Name: Emily Cedeño 

Position: Midfield

Date of birth: 22 November 2003

Team: Plaza Amador, Panama

She took up the game when she was three and a few years later began to play futsal and by the age of 14 was playing for Panama’s Under-15s. Her parents supported her all the way, telling her to strive hard if she wanted to succeed. “The dream I had when I was a little girl playing with friends in the street, I’m able to say I’ve achieved it now,” she says. “I hope I can be an example to all those young boys and girls.” She did not feature in the qualifiers in the summer of 2022 but was then called up for all the mini training camps in the buildup to the play-offs in New Zealand in February. She made her debut with the senior team in a friendly in October 2022. And now: “I’m going to play in Panama’s first World Cup – it is something that I could not believe.”

Name: Aldrith Quintero 

Position: Midfielder

Date of birth: 1 January 2002

Team: Alhama FC, Spain

Quintero earned a place in this team, as she puts it, for her daily work and her improvement since she moved to Europe, first playing for Tenerife and now with Alhama FC in Murcia. She is the first woman from her country to play in Spain’s first division. Her father and brother played in a team called Tierra Firme in the lower leagues in Panama. Her mother Laura Marie was her motivation and the person who took her to all the training sessions as a child. First though, athletics was her main sport, especially long jump, but she complained to her mother about doing it. Her mother once told young Aldrith that she didn’t know how to play football but changed her mind after watching the girl play. Something of a prodigy, she made her debut in the national team in December 2017, one month shy of her 16th birthday. She said reaching the World Cup “was her dream come true as a girl”.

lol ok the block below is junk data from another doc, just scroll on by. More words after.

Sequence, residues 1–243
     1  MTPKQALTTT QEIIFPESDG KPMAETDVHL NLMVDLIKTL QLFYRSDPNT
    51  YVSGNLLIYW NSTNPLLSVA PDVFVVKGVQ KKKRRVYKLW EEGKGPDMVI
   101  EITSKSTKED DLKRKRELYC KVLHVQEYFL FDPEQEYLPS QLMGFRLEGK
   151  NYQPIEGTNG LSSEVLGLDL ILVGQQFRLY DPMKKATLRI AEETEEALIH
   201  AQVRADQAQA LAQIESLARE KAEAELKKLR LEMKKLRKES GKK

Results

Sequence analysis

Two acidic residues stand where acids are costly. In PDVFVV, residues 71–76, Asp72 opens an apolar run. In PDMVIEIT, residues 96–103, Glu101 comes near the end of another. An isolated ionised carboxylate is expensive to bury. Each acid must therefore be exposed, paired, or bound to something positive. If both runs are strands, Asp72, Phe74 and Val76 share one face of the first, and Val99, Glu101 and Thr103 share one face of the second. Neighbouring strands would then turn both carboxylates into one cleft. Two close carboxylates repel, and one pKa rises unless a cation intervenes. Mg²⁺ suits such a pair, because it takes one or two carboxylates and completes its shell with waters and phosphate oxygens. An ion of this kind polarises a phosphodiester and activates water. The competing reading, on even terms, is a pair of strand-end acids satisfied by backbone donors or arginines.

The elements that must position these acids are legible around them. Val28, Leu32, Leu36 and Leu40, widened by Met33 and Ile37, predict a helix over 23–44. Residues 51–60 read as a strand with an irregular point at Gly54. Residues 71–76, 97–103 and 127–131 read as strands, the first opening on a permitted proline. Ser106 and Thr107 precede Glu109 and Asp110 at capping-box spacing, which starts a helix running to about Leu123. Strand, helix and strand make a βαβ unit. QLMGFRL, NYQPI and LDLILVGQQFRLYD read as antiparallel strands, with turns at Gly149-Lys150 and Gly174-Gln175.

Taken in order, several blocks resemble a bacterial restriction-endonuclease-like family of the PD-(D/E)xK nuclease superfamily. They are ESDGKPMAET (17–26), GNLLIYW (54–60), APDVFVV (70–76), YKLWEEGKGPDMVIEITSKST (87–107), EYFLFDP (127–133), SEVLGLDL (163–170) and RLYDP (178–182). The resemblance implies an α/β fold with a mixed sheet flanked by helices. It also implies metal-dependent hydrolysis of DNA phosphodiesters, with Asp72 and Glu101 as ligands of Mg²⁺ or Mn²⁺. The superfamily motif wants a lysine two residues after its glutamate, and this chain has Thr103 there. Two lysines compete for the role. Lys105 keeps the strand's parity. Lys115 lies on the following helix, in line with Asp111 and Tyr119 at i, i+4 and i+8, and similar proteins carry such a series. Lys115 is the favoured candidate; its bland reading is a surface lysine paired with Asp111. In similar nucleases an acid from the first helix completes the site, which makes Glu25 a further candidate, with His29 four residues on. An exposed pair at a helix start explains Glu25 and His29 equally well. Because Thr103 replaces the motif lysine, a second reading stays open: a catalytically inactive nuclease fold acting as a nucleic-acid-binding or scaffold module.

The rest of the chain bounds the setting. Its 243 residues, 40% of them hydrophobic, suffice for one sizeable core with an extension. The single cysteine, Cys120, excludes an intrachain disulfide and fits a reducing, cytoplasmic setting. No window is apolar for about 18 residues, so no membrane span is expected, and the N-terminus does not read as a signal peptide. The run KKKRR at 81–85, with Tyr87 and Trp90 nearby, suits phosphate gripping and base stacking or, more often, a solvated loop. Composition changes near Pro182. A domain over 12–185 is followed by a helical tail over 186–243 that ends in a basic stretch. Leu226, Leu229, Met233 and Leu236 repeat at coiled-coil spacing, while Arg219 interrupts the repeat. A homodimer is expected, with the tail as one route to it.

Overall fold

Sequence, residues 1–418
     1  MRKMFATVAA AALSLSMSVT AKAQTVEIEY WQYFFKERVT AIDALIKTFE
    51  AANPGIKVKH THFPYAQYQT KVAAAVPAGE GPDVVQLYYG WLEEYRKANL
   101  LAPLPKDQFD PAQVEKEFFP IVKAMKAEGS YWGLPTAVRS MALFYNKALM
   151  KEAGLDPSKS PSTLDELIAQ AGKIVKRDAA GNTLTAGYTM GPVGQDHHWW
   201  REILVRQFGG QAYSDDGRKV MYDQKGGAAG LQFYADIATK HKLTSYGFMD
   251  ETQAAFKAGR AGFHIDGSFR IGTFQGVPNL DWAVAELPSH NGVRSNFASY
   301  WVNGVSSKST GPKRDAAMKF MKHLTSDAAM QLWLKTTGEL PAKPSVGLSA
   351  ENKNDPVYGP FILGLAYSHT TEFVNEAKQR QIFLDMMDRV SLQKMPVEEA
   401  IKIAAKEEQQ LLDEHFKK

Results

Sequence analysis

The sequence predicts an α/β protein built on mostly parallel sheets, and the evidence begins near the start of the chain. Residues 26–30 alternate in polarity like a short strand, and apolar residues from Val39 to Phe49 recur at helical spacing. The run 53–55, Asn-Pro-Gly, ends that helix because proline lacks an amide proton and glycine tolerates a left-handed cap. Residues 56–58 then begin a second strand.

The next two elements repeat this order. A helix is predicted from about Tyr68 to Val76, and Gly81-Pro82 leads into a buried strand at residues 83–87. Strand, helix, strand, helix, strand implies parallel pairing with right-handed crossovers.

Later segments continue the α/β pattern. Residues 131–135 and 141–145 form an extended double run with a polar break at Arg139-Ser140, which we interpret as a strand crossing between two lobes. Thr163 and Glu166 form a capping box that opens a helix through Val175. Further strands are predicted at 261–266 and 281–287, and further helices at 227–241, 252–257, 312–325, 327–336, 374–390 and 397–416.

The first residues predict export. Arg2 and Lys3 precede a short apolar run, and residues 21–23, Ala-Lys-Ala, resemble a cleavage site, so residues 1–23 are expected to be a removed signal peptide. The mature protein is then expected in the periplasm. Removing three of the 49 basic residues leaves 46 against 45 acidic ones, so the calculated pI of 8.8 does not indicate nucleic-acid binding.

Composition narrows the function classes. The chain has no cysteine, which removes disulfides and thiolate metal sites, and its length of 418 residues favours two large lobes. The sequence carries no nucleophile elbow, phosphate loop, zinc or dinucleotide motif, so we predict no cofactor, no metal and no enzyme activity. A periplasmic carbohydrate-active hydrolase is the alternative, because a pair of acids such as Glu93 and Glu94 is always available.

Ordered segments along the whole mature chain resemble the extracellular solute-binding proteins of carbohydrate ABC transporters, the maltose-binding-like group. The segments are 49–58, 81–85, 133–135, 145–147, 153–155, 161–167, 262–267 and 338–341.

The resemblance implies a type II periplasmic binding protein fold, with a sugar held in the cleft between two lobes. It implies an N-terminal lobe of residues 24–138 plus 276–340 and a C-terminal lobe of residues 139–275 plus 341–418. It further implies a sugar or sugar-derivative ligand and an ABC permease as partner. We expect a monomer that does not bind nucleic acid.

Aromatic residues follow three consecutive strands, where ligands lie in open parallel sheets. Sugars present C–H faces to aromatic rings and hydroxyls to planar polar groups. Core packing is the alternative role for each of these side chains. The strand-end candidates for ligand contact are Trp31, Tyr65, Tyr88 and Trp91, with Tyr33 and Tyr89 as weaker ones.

Name: Deysiré Salazar 

Position: Midfielder

Date of birth: 4 May 2004

Team: Tauro

She is one of the youngest and smallest in the national team but with a giant heart. Born in Rio Alejandro in the province of Colón, where José Fajardo, a striker for the men’s national team, also comes from. She started playing at the age of six and soon her love for football was noticeable. Her mother Amayansi said that she had to look for her because she only spent her time out on the pitch, although she never neglected her studies. She currently plays for Tauro and at only 17 was the best player in the championship, while she has also been captain of the Under-20 team. For her, football is freedom. “When I play football I feel like a fish in water, I am free, I forget about all the problems. I am happy. And at that time, it was already clear to me what it meant to play for the national team. It is a source of pride and a great responsibility.”

Name Laurie Batista 

Position: Midfielder

Date of birth 29 May 1996

Club: Taurus

Her nickname is GPS, which tells you a lot about the captain of Tauro, the biggest team in the country. She is one of the most complete players in Panamanian football and has played for the national team at every age level. Although the defensive midfielder did not make the squad for the play-offs, she has been recalled since qualification and is one of the players to watch. She admits not being involved earlier this year was the lowest she has felt in her career. She said: “It was difficult not going to the play-offs, but it was a joy to see that my teammates qualified. I’m now happy for the call from the coach and I have to work to earn a place.” Her reason for getting into the sport? “My brothers, from a very young age. My family is very proud of me for achieving my dreams.”

Name: Riley Tanner 

Position: Forward

Date of birth: 15 October 1999

Club: Washington Spirit


Fast and with great ball control, Tanner scored the second goal in Panama’s 2-0 semi-final playoff win against Papua New Guinea as they sought to qualify for their first World Cup. Her nickname is Frozen because of her resemblance to Elsa, from the film. Born in the United States but qualifies as her mother was born in Panama, she studied and played in her native Michigan and currently plays in the US professional league. She graduated from the University of Alabama with a degree in public health. She realised she had made instant new friends when she was in her first training camp with Panama in January as she found out she had been picked in the draft by Spirit. She says: “That moment was when my dreams became reality. I took the draft call in the bathroom and when I came out everyone dogpiled me. Being new to the Panama team, just having that support from them was really special and made me feel like I was a part of their team.”